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Grow it yourself

Miguel Braganza

The carnival and Shigmo are over and the coronavirus is here. Those who have not yet started growing vegetables at home are willing to pay any amount for them but no fresh vegetables are available on home delivery. The vegetables in the farmers’ fields are getting wasted because there is no labour to harvest and no permit to transport. Those who are harvesting on their own and selling by the roadside have been able to earn good money in their neighbourhood. The radish, knoll-kohl, palak, cabbage, brinjal, cowpea and yard-long beans are much in demand. The coronavirus is going to alter the markets as we know them now. It is time to prepare for the long haul with some perennial vegetables.

We already know that we can also have some permanent vegetables like the moringa or drumstick. Besides the drumstick pods, one can cook its flowers and fresh leaves to control diabetes and obesity. We are also familiar with the Basela or vauchi bhaji. The New Zealand Spinach is a perennial plant that also tastes like vauchi bhaji of Basela. The multivitamin plant or sweet leaf, Sauropus androgynus, is common in China and southeast Asia including Malaysia and has perhaps travelled from there to Kerala, where it is known as ‘Madhura cheera’. The plant is relatively new to many
in Goa.

The multivitamin plant makes a wonderful hedge with its multiple, slender and upright stems. It can grow up to three metres height but is generally trimmed at about one metre. The slender branches bear dark green oval leaves that are about five-centimetres long, often with a silvery streak along the midrib from the base to the leaf tip. It is one of the most popular leafy vegetables in southeast Asia because of its high yields and good taste. It has remained relatively unknown in Goa.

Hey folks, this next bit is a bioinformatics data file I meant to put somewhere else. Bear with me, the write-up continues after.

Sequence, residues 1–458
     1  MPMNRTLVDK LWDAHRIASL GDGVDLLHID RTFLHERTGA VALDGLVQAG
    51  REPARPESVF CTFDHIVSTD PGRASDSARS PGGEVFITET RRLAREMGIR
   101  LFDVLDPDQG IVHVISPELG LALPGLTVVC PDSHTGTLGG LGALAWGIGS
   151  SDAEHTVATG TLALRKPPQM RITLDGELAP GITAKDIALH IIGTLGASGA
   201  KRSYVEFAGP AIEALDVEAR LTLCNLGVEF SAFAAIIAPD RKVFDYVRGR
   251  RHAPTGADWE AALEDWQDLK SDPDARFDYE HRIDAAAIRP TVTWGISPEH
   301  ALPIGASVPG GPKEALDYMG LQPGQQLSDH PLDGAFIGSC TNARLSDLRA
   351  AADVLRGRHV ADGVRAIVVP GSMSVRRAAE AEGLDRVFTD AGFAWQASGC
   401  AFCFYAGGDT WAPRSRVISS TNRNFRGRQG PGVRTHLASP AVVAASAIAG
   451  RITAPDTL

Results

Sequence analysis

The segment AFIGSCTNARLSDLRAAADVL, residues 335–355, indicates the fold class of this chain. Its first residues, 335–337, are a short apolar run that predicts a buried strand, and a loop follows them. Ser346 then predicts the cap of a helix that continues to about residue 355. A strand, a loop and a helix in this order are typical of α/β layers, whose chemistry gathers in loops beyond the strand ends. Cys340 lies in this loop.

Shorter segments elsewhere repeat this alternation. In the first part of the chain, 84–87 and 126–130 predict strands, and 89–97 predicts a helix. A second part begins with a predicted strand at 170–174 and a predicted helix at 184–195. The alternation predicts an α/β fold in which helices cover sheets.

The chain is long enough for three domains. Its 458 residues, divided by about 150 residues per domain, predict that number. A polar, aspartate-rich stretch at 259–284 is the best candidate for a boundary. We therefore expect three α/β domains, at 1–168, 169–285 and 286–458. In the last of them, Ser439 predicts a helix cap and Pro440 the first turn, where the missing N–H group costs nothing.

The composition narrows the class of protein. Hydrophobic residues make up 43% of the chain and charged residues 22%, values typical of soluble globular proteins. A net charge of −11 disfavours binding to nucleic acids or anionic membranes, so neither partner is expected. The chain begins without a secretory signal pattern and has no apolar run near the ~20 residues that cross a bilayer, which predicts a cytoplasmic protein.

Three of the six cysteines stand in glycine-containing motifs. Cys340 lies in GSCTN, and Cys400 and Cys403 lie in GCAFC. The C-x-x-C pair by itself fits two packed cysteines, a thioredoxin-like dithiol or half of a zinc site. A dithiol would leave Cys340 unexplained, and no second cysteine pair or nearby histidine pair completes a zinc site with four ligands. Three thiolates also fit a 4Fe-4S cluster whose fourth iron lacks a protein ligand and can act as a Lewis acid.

The most important garnish is coriander which does not do very well in Goa. Saw-tooth coriander or cilantro, Eryngium foetidum, also known as Mexican coriander is native to Mexico, the Caribbean, Central and South America, but is now cultivated worldwide. The residents of Verlem, the hilly ward of Neturlim village in Sanguem taluka, first showed the plant to me in October 2014. It is quite difficult to find the difference between cilantro or the regular coriander in a chutney with grated coconut. It is a plant that we can grow in a pot right in our kitchen and harvest the leaves when needed. Quite a few people have been growing this plant. It was even exhibited at the last ‘Zaddamchem Fest’ in Socorro by at least two residents of Porvorim

Seedlings can be raised from the seeds in dry chilies that are used for curries in the kitchen. Transplant the seedlings when they have five or six leaves and grow a single plant in a 12-inch diameter pot in any sunny spot. It is great to see young adults growing vegetables at home and some even in fields close to their homes. It is the shape of things to come. Global markets, banking, travel and food chains are no longer going to be the same. In seventy years, March 31 is not the end of the financial year. Do not have illusions that the old normal will come back to you by the end of summer. Grow up now and begin growing vegetables.

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